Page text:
Digital Economy Act: Built on Sand


One of the many frustrating aspects of the recent debate on the Digital Economy Bill was the constant repetition of two major inaccuracies. The first, that unauthorised file sharing is theft, argues an appalling level of legal literacy among our elected representatives. Such file sharing is actually the infringement of a time-limited, government-granted monopoly, which is very different from stealing your bicycle (for a handy illustration of the difference, don't miss this.)

The other error concerns the scale of losses suffered by the recording industries as a result of such unauthorised sharing. All sorts of figures were bandied around as if they were well established and widely accepted. But nothing could be further from the truth.

For example, just under a year ago, huge figures were being widely quoted about UK activity:

Industry reports suggest that at least seven million British citizens have downloaded unauthorised content, many on a regular basis, and many also without ethical consideration. Estimates as to the overall lost revenues if we include all creative industries whose products can be copied digitally, or counterfeited, reach £10 billion (IP Rights, 2004), conservatively, as our figure is from 2004, and a loss of 4,000 jobs. This is in the context of the “Creative Industries” providing around 8% of British GDP.

As I pointed out at the time, these numbers were riddled with unexamined assumptions. Someone else who found them fishy was Ben Goldacre, who also ripped them apart royally.

Many such apocalyptic figures portending the end of all creativity as we know it come from the US, but hitherto with little independent examination of their trustworthiness. Until now, that is, thanks to the United States Government Accountability Office (GAO) report “Observations on Efforts to Quantify the Economic Effects of Counterfeit and Pirated Goods” [.pdf]. The comments on individual estimates are at best doubtful, and at worst damning:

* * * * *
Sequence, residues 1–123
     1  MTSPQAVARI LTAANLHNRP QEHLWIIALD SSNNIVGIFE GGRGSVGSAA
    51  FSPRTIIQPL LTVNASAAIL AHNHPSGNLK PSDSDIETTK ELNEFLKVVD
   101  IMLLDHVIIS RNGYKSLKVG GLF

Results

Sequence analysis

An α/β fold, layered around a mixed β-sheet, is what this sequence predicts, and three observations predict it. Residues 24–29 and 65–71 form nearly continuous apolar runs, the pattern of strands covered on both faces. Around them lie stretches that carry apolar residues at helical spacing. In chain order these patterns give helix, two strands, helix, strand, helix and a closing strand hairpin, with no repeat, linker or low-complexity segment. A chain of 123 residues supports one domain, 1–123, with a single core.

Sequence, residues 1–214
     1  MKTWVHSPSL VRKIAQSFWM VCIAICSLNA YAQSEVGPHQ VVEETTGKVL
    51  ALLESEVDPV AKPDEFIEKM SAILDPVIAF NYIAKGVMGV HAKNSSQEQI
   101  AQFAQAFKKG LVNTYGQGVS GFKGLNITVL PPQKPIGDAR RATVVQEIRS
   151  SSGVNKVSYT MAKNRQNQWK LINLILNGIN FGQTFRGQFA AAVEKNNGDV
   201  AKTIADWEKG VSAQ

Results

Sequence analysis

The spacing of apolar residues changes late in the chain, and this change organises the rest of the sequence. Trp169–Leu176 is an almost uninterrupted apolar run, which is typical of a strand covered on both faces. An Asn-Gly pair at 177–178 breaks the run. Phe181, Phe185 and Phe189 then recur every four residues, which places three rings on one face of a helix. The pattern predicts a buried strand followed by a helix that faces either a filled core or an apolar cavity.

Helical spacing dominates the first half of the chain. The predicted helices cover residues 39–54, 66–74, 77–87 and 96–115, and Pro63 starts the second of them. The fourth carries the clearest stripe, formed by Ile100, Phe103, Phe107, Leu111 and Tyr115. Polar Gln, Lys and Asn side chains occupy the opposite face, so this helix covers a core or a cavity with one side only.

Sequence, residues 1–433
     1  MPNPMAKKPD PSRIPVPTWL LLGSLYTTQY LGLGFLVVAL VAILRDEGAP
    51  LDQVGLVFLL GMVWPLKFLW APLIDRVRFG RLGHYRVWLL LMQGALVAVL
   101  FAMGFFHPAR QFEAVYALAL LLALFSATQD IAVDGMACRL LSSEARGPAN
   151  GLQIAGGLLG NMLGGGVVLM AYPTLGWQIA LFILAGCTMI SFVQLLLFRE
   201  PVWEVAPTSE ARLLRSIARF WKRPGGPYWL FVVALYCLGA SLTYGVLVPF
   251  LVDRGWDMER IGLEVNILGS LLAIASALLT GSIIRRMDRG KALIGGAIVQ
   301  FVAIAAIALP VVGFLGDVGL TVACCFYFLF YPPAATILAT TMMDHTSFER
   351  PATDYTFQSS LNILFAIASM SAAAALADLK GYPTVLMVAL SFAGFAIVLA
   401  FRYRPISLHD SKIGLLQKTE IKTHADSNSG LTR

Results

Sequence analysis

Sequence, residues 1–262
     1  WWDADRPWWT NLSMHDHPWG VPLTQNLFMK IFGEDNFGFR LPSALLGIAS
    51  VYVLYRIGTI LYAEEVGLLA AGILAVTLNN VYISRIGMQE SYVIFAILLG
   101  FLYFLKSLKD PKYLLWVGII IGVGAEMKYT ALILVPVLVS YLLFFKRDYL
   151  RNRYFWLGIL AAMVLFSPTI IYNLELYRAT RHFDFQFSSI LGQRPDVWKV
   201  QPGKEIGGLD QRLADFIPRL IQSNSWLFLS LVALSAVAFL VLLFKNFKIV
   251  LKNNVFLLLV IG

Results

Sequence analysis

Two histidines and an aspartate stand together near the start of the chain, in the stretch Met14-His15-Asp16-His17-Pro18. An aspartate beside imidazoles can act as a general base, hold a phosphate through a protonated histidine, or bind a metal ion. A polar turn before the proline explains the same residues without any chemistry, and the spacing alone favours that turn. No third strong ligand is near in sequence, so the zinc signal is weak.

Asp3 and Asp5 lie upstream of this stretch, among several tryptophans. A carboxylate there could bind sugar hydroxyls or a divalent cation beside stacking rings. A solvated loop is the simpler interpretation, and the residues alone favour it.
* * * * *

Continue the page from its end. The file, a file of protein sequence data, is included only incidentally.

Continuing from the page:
Three widely cited U.S. government estimates of economic losses resulting from counterfeiting cannot be substantiated due to the absence of underlying studies. Generally, the illicit nature of counterfeiting and piracy makes estimating the economic impact of IP infringements extremely difficult, so assumptions must be used to offset the lack of data. Efforts to estimate losses involve assumptions such as the rate at which consumers would substitute counterfeit for legitimate products, which can have enormous impacts on the resulting estimates. Because of the significant differences in types of counterfeited and pirated goods and industries involved, no single method can be used to develop estimates. Each method has limitations, and most experts observed that it is difficult, if not impossible, to quantify the economy-wide impacts.

Now, the fact that it's difficult to estimate the economic effect of unauthorised filesharing wouldn't be a problem in itself – many complex areas are hard to estimate accurately. What is worrying – outrageous, indeed – is the fact that major legislation has been driven through in several countries, including the UK, justified in part by unsubstantiated or downright erroneous studies of the kind panned by the US GAO.

Bad statistics are not the basis for good law, and this latest analysis from the US is just one more reason why the extraordinarily ill-thought out Digital Economy Act needs to be repealed in its entirety, and the entire process of drawing up legislation that will truly stimulate the UK's digital economy started afresh.

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